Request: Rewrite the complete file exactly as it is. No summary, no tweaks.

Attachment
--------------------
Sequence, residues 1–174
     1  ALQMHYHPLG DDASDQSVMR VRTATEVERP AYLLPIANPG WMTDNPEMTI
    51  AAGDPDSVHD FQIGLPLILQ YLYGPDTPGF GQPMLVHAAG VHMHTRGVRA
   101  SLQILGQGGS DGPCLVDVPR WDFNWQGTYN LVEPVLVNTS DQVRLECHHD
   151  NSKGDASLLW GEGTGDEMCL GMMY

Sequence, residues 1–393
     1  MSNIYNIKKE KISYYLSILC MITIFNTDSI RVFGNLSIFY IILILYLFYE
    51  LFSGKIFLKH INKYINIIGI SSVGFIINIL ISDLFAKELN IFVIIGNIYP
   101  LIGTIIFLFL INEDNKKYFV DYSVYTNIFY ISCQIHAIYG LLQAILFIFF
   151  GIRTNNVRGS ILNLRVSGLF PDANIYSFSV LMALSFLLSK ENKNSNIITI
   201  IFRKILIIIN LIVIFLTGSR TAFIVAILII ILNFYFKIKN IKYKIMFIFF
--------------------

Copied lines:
Sequence, residues 1–174
     1  ALQMHYHPLG DDASDQSVMR VRTATEVERP AYLLPIANPG WMTDNPEMTI
    51  AAGDPDSVHD FQIGLPLILQ YLYGPDTPGF GQPMLVHAAG VHMHTRGVRA
   101  SLQILGQGGS DGPCLVDVPR WDFNWQGTYN LVEPVLVNTS DQVRLECHHD
   151  NSKGDASLLW GEGTGDEMCL GMMY

Sequence, residues 1–393
     1  MSNIYNIKKE KISYYLSILC MITIFNTDSI RVFGNLSIFY IILILYLFYE
    51  LFSGKIFLKH INKYINIIGI SSVGFIINIL ISDLFAKELN IFVIIGNIYP
   101  LIGTIIFLFL INEDNKKYFV DYSVYTNIFY ISCQIHAIYG LLQAILFIFF
   151  GIRTNNVRGS ILNLRVSGLF PDANIYSFSV LMALSFLLSK ENKNSNIITI
   201  IFRKILIIIN LIVIFLTGSR TAFIVAILII ILNFYFKIKN IKYKIMFIFF